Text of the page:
Before I was in business, knew how to value a building or write anything of scholarly value, I was an anti-racist.
I was lucky to be part of a collection of like-minded people who came of age at the time of probably the most progressive government since the 1960s; the 1997 Labour Government was a friend in thoughts and deeds.
Within this campaigning group, several took steps into politics, some into the areas of policy and others like me disappeared into the private sector and academia. I look back with a degree of pride at the positive influence of some of our campaigns:
- The UK is a more tolerant country than in the mid-1990s and blind racism is not acceptable.
- The radical Islamists that once roamed free on campus to incite hatred, have been exposed and their activities are banned from the mainstream (other than the BBC who see it as their right to prove balanced debate by promoting racists).
- The murderers of Stephen Lawrence have been jailed.
- Educational institutions accommodate the religious rights of minorities and anonymous marking is commonplace.
- Holocaust deniers and Fascists are not given open platforms on campuses.
At the student level our methods were simple and quite naïve, we produced posters and ran speaker events to generate awareness, but our wider goals were clear; we sought to expose hatred and combat injustice with the ultimate aim of creating a fairer, more harmonious society for those who wished to participate in it.
Any student of marketing will cite the AIDA model of marketing. (There are advancements and derivatives of this model, but let’s keep it simple.)
The AIDA acronym represents the four target steps of customer engagement with a marketing campaign.
Phase 1: Awareness: Attract the attention of the target
Phase 2: Interest: Once you have the target’s attention, tell them the benefits of the product/campaign, in effect “sell the story”.
Phase 3: Desire: Tell the target why this product/campaign is important to them and their needs.
Phase 4: Action: Conversion or engagement.
More recent thinking about marketing focuses around the creating of movements, where dress codes, language, slogans and indeed the feeling of belonging are encouraged.
There are several case studies in this from American Apparel to Livestrong to Coca Cola. Once formed, the advocates and influencers within the movements show total dedication, offer support to members and commitment to the cause, which in turn leads to an emotional response from other the members of the group – which as any marketer will tell you, is the holy grail of marketing.
The purpose of all campaigns, whether to buy soap powder or to cause change in society is to generate action. The more powerful the “desire” is, the greater the action.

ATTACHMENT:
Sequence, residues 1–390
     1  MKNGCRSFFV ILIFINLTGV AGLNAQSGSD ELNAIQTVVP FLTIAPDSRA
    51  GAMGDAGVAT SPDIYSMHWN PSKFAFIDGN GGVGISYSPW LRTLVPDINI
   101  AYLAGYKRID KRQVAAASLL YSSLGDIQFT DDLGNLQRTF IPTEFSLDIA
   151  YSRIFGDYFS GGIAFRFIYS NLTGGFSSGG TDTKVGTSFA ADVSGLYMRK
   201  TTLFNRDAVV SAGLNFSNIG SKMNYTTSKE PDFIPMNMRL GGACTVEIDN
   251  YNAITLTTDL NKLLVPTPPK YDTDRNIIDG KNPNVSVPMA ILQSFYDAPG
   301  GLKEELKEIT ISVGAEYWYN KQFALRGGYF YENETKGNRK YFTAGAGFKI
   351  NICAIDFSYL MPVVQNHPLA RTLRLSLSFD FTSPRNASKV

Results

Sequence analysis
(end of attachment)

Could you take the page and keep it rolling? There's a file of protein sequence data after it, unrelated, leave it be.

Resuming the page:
Bringing French Anti-Semitism to Britain
I am not an expert in French politics but undoubtedly the economic problems are prevalent and there is an alarming rise in racism and in particular anti-Semitism. Events have included beatings, murders, desecrations of Jews and Jewish targets and the shootings at the Toulouse school in 2012.
The concept of scapegoating Jews (and in this case I include Zionists as Jew proxies) in periods of economic hardship is not new, particularly in Europe.
The person who shoots the gun is rarely the one who buys bullets.
Nicholas Anelka justified his expression of the quenelle to be in support of banned anti-Semite Dieudonne, who is building a movement based on left-right-Islamist fuelled hatred agenda against Jews across France, which has led to violence against Jews. This movement has taken theory and practice used by marketers, including AIDA, celebrity endorsements and fascist strategies for empowerment.
What the FA, WBA or even Anelka himself may or may not know is that his public endorsement of the quenelle is on par with the gateway Holocaust denial of David Irving and the anti-immigrant bias of the BNP; all these are tools to initiate awareness of issues (or pseudo-facts) with the ultimate outcomes being hatred and violent acts against minorities.
Anelka’s quenelle is the first step in creating awareness of this new racist movement coming to the UK.
The response, particularly by the FA and the management of WBA in response to Nicholas Anelka’s actions over the past week has shown a complete lack of awareness and rank ignorance of what is going on.
Anelka’s statement is deliberate.
The strategy must be exposed and condemned.